Tea towel

What Is a Tea Towel, Anyway? Different Ways to Use This Not-so-Basic Kitchen Cloth

Now, of course, you don’t have to get through a bag of White Lily to snag a new tea towel—you can find them just about anywhere, from airport souvenir shops to your neighborhood grocery.

What Is a Tea Towel?

For starters, it’s the unsung hero of the Southern household.

Betsy is the Senior Home and Features Editor at Southern Living. She writes about a veritable potpourri of topics for print and digital, from profiling Southern movers-and-shakers and celebrating family traditions to highlighting newsy restaurant openings and curating the annual holiday gift guide. Prior to joining the Southern Living team in 2017 as the style editor, she worked at Coastal Living as an assistant editor covering pets and homes.

If your house is anything like mine, you probably have a host of tea towels lying around: One by the kitchen sink, another hanging in the powder room, and five more tucked away in a drawer, ready to rotate when the others need washing.

But what actually makes a tea towel a tea towel, and why are they called tea towels in the first place? Here’s everything you need to know about this kitchen textile.

Clean kitchen towels stacked in a basket on the basket, selective focus

What is a Tea Towel?

The main difference comes down to the material. Unlike your run-of-the-mill, super-absorbent bath or hand towels, tea towels are generally flat-woven from linen or cotton. Instead of using a higher-pile material like terry cloth, a tea towel does not leave lint or streaks behind.

The History of the Tea Towel

While tea towels are nearly ubiquitous these days, the tea towel’s beginnings were far from humble. It’s thought that they first became popular in 18th century England when textiles became more easily accessible. Often made from soft linen, tea towels were a favorite accessory amongst the upper echelons of English society. The ladies of the house used them during tea service and for drying cherished china. (This was apparently one of the jobs they didn’t pass off to servants, as they didn’t want to risk any broken saucers. The horror!)

The linen tea towels were also a way for women to show off their decorative stitching skills, as they would embroider them to coordinate with the rest of their table linens.

With the arrival of the Industrial Revolution and mass production in the 19th century, tea towels, like many things, became more widely available across the pond too. They could be made easily from cotton, which also democratized the dish-drying tool. Soon, tea towels moved from a flashy sign of luxury and wealth to a regular workhorse.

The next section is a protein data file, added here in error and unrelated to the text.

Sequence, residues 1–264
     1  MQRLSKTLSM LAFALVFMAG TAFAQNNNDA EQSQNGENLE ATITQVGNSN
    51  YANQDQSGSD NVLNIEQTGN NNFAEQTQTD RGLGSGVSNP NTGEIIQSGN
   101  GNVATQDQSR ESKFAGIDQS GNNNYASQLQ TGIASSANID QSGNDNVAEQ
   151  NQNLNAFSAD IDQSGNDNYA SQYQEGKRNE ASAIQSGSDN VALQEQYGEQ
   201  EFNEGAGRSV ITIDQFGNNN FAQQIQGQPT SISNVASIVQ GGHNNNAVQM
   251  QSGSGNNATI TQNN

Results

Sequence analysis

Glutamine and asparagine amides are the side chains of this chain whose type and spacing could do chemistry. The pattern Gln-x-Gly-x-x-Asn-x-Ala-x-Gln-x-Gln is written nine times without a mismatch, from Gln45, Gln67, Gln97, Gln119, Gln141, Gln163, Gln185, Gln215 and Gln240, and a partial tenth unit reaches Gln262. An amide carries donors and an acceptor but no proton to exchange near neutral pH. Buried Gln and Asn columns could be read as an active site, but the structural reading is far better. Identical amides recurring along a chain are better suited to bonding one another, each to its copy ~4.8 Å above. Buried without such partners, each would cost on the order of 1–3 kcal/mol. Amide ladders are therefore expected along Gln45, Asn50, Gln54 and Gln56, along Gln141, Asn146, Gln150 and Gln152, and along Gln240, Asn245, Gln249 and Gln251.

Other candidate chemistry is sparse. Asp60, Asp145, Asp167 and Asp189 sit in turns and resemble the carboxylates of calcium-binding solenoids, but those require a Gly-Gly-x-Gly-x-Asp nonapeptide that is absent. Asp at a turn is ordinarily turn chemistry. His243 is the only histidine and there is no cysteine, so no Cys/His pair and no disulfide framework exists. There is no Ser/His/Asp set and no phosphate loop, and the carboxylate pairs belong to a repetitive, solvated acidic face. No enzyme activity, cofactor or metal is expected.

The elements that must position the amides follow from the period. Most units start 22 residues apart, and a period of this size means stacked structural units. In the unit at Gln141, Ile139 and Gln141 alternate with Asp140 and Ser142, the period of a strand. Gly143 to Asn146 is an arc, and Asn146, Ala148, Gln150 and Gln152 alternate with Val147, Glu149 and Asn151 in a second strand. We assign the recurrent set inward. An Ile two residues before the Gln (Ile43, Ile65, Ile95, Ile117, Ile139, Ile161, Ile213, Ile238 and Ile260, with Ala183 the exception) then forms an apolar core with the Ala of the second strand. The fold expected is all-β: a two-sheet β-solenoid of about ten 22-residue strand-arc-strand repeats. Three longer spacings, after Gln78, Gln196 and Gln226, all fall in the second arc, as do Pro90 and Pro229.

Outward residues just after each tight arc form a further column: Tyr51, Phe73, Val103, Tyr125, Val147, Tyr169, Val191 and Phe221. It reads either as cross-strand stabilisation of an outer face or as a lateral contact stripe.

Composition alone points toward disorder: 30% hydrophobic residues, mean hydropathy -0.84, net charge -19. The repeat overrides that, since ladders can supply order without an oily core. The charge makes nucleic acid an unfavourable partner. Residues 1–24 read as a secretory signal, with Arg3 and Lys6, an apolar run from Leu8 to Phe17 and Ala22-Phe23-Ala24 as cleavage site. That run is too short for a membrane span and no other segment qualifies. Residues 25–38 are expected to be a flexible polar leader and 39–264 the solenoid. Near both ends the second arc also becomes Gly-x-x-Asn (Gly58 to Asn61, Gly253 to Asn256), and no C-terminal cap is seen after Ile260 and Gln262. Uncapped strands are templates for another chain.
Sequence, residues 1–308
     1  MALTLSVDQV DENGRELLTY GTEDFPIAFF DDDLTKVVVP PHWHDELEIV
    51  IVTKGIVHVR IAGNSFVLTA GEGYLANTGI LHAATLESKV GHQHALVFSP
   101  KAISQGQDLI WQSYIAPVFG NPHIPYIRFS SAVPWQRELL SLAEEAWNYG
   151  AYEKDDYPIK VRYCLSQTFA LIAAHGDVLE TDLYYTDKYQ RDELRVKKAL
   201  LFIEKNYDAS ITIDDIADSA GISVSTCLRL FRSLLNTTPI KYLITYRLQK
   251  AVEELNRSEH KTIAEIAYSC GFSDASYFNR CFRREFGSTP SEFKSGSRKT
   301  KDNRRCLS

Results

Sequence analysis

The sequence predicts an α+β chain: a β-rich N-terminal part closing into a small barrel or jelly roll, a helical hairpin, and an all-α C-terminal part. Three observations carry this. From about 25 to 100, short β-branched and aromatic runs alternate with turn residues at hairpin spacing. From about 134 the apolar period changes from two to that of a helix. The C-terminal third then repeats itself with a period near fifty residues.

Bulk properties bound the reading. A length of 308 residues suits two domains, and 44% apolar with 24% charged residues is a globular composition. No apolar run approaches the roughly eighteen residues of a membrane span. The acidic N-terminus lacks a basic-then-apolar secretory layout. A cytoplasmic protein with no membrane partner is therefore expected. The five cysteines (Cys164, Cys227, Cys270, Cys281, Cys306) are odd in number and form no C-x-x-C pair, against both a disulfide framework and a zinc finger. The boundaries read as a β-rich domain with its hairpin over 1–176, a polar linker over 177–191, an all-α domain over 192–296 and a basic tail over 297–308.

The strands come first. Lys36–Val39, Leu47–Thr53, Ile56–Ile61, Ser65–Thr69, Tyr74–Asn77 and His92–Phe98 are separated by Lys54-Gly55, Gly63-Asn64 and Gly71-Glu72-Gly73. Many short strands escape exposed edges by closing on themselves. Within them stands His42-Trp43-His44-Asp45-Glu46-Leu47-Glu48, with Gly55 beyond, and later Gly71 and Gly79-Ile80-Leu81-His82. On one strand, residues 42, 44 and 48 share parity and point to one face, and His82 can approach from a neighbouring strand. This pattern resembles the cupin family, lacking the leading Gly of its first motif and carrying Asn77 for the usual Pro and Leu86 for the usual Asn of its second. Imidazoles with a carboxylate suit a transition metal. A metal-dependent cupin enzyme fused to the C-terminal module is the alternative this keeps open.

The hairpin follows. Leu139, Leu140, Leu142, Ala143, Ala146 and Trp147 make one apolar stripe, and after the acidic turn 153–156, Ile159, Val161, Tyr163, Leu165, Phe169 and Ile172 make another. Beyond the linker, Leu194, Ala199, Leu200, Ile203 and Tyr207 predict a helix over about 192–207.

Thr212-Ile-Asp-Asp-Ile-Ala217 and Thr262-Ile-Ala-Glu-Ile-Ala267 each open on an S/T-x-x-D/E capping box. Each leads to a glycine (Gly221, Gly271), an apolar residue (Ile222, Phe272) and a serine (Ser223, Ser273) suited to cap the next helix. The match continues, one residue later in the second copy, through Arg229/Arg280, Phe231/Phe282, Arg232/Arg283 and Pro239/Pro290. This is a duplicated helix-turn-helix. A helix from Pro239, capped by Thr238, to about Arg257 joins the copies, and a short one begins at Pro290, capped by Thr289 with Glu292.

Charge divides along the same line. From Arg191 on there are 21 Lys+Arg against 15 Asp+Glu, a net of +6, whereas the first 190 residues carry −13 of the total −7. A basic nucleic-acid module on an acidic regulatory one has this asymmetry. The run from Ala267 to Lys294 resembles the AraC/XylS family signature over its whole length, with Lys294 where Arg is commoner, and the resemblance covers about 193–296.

Repurposing Flour Sacks Into Tea Towels

Tea towels moved further into the American household vernacular with the arrival of the Great Depression, as quick-thinking homemakers would recycle flour sacks to embroider and use as tea towels. Flour companies wised up and started packaging their flour in patterned sacks. The rest, as they say, is history.

Modern Tea Towels

Now, of course, you don’t have to get through a bag of White Lily to snag a new tea towel—you can find them just about anywhere, from airport souvenir shops to your neighborhood grocery.

Yes, we’ve determined that tea towels are a tried and true workhorse, but you can also turn them into family heirlooms with help from a treasured hand-me-down recipe. Craft and print-on-demand websites have made it simple to use handwritten recipes or digitally written recipes to silk screen or print onto tea towels. This unique gift is a perfect way to give someone a practical yet extremely thoughtful gift.

What Is a Tea Towel, Anyway? Different Ways to Use This Not-so-Basic Kitchen Cloth

Also called a dish towel, this household staple can double as decor.

By Amanda Garrity Published: Jul 25, 2019

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Most homeowners have a drawer in their kitchen stuffed to the brim with tea towels of different shapes, sizes, and patterns. There’s a good reason why: When your kid leaves a few (too many) stray crumbs on the counter or you’re in search for last-minute dining room décor, these do-it-all kitchen cloths come in handy to wipe up any spills, dry dishes, and add a touch of elegance to your dining room table.

Okay, but exactly is a tea towel?

Merriam-Webster Dictionary defines a tea towel as “a cloth for drying dishes.” Often made of linen, cloth, or a combination of the two, tea towels date back to England in the 18th century, when they were used to insulate tea pots at tea ceremonies (hence the name), dry fine china, and cover baked goods. During this time, people also used tea towels to practice embroidery, often gifting friends and family tea towels stitched with flowers, initials, or other designs. As the times changed, so have tea towels: By the 19th and 20th centuries, most tea towels were reportedly made with striped or checked cloth for a more decorative touch.

What’s the difference between a tea towel and a dish towel?

Call ’em tea towels, call ’em dish towels: The only time that you shouldn’t use the names interchangeably is when you’re using a towel made of terry cloth. By definition, tea towels are only made of linen or cotton, whereas dish towels can also be made of terry cloth. Both types of towels, however, are roughly the size of a hand towel, ranging from 16″ x 28″ to 18″ x 30″.